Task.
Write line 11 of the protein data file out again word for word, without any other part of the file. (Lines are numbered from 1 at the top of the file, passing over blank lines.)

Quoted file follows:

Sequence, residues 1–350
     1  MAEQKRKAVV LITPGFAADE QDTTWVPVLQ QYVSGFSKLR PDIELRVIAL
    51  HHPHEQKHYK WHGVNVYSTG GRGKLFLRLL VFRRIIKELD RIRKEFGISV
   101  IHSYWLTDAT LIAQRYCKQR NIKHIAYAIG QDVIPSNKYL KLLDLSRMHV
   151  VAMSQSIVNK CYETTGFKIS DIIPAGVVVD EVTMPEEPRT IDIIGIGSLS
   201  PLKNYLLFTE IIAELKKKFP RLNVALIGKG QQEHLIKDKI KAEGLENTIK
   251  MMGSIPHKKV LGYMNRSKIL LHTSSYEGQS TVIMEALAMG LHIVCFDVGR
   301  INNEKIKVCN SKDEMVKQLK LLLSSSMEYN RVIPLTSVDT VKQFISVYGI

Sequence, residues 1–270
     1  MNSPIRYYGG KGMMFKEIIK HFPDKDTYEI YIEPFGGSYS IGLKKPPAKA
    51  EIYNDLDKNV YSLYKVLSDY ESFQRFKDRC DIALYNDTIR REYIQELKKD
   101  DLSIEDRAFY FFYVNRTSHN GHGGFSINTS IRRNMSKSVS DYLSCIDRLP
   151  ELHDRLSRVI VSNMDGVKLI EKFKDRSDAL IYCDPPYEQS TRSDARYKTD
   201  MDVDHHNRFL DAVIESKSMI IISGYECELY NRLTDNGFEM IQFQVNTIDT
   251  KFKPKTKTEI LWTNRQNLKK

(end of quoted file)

    51  EIYNDLDKNV YSLYKVLSDY ESFQRFKDRC DIALYNDTIR REYIQELKKD